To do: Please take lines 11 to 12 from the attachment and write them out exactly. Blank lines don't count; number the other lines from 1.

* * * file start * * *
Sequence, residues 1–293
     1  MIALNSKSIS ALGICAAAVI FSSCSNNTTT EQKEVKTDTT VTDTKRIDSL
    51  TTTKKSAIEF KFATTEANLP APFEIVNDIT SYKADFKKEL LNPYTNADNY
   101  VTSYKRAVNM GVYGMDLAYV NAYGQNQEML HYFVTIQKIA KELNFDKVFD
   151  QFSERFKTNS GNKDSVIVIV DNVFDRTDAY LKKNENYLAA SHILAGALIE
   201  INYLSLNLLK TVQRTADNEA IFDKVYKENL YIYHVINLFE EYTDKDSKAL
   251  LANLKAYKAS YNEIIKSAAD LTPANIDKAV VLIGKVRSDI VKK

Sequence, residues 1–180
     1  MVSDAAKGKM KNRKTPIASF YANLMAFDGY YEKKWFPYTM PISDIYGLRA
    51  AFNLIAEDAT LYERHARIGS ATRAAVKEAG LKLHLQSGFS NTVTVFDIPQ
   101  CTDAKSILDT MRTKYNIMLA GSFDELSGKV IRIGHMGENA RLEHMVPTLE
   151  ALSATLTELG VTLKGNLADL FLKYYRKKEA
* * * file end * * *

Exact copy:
   101  CTDAKSILDT MRTKYNIMLA GSFDELSGKV IRIGHMGENA RLEHMVPTLE
   151  ALSATLTELG VTLKGNLADL FLKYYRKKEA